There’s no place for social media abuse in NUS

Wednesday 01-03-2017 - 13:55

The way some people are using social media in the student movement is a problem. There is a difference between holding people to account, having healthy discussions and bullying and harassment - and these differences are important.

Over the last six months, a number of events and situations have led to Code of Conduct complaints and concerns about the wellbeing of individuals. It’s reached a point where I must take the unusual step of publicly intervening to ask those involved in student politics to think more carefully about your behaviour on social media.

A number of people have spoken to me about how pressured and how unpleasant behaviour can be, in the run up to National Conference and other democratic events. I observed this last year. I therefore want to ask you to stop and think carefully about your behaviour - both on and offline. We know from delegate feedback that fear and actual experiences of social media abuse is stopping some people from participating in political spaces, and standing for election for different positions. We also know that it worries and ultimately hurts people to receive, witness and be part of online abuse which impacts on their wellbeing.

Since I started working at NUS, both students and officers involved and engaged in NUS' work have said how difficult they sometimes find NUS spaces, in particular how they feel attacked on social media. We also know that it has a huge impact on their confidence, decision making and mental wellbeing.

At Strategic Conversation in December 2016, a number of officers said that the behaviour of some is putting them off getting involved nationally. In recent months, almost every single officer and volunteer I have spoken to has expressed their concerns about the conduct of people online. This is not acceptable. I want us to be a movement that prides itself on inclusiveness. A movement that treats each other with dignity and respect. A movement in accord with our values and beliefs.

In January I spoke at the CEOs and General Managers’ annual event about the impact social media is having across the student movement. Emphasising again how important it is that we all take action to develop a positive culture of discussion and debate on social media. That task is an urgent and important one that we must all take responsibility for.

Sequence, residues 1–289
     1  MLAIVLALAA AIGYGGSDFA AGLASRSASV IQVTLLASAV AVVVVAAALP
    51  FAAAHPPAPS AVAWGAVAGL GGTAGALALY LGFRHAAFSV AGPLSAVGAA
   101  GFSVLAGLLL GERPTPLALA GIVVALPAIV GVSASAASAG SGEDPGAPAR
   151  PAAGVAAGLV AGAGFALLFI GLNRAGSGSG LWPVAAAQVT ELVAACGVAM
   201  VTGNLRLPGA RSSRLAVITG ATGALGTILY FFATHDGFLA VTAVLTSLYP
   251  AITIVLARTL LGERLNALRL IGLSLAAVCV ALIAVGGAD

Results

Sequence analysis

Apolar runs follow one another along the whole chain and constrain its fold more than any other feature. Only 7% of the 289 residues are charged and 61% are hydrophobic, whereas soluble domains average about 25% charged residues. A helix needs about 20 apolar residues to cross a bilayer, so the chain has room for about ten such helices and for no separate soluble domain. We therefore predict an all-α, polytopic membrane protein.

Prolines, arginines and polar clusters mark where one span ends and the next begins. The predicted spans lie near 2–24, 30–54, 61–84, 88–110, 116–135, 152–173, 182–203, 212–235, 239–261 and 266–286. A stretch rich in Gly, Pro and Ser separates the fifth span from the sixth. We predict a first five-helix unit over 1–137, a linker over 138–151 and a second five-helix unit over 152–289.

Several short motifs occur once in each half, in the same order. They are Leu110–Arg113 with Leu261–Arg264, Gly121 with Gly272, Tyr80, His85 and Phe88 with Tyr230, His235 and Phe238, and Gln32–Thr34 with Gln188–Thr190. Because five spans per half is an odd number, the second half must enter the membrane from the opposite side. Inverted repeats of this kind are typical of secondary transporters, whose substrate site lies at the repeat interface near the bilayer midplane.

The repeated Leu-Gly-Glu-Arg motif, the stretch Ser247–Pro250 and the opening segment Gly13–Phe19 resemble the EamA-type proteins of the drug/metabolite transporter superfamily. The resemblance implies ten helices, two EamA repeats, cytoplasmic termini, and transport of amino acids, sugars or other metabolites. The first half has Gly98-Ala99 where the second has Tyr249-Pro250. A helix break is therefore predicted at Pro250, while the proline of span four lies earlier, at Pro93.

Of course we all hold different views and believe different things: diversity of perspective, experience and identity is our strength. Understanding how to express our own views and understand the views of others is vital. It is at the heart of the transformative education processes we hold dear.

There are spaces to discuss and debate ideas and views, to hold each other to account, to argue different perspectives, to challenge, to learn and grow. There are places and processes within NUS to hold officers to account. Facebook and Twitter is not that place.

Bullying and harassment is never acceptable in any space. I am worried about the impact of social media on both the quality of debate and discussion in our democracy and on the wellbeing of individuals. So we must take deliberately proactive measures to improve on the current culture within student politics. As part of our strategic framework NUS 100: manifesto for a just and sustainable future, I and other colleagues will be working with colleagues across the student movement and beyond to identify how we can create healthy spaces for debate, and positive behaviours both on and offline. If you are interested in being involved in these discussions and want to support us with this work, please contact me.

The student movement is a progressive movement. It is a movement that prides itself on being inclusive and often at the forefront of change. So please think carefully about the impact of your behaviour both on and offline. Together we can create positive change in the spaces we use.


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